The Italian Paintings Before 1400
The National Gallery houses one of the most important collections of early Italian paintings outside Italy, including works by Cimabue, Duccio, Ugolino di Nerio, Giotto, Bernardo Daddi and the Cioni brothers. Since these were last catalogued in 1988 there have been four exceptional new acquisitions: the thirteenth-century diptych now attributed to the Master of the Borgo Crucifix, The Virgin and Child by Cimabue, The Virgin and Child by the Clarisse Master and The Coronation of the Virgin by Bernardo Daddi.
In 1989, following the systematic programme of examination jointly carried out by the National Gallery’s curators, conservators and scientists, the National Gallery published Art in the Making: Italian Painting before 1400 which is acknowledged as a key source for information about the methods and materials of painting of this period. For the present volume, all but two works have been reexamined in the conservation studios, and this has revealed, through infrared reflectography, the significance of underdrawings in early Italian paintings, together with other new information regarding technique.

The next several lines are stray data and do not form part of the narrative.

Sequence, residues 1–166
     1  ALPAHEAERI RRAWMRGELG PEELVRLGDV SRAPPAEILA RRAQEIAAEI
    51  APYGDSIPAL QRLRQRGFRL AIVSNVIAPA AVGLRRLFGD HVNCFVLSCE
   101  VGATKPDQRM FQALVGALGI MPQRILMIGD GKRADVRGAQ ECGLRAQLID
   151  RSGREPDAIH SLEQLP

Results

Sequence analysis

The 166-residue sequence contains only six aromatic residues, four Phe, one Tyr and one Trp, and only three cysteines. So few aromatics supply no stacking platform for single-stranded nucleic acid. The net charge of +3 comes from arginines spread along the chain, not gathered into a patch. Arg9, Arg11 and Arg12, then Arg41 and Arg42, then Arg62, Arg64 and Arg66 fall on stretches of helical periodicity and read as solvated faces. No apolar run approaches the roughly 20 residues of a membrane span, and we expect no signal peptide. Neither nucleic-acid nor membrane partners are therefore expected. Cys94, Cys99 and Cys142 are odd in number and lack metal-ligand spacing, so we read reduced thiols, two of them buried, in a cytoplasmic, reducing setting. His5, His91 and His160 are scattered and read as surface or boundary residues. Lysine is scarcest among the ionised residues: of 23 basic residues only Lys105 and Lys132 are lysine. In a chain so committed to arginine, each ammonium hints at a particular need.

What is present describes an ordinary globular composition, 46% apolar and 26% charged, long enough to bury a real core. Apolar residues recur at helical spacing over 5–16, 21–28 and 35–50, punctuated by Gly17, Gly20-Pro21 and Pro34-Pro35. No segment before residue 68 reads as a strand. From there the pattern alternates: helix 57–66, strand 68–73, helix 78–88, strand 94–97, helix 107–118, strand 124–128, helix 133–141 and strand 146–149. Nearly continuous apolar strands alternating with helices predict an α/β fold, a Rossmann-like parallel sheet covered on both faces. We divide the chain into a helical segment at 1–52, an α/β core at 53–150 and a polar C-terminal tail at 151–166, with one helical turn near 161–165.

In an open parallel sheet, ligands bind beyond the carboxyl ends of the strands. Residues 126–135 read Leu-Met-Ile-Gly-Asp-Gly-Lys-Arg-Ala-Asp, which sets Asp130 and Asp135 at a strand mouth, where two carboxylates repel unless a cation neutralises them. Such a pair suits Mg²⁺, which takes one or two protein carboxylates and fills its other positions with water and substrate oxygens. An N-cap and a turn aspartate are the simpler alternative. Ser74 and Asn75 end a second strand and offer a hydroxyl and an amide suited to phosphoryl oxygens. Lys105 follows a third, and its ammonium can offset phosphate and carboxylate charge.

In reviewing and in some cases reattributing the works catalogued here, the author takes account of the considerable body of new research published over the last twenty years, including that on paintings and fragments of paintings in other collections which are related to panels in the National Gallery.
|colour illustrations||500 approx|
|publisher||National Gallery Company|
|Dimensions||285 mm X 216 mm|
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23 February 2013
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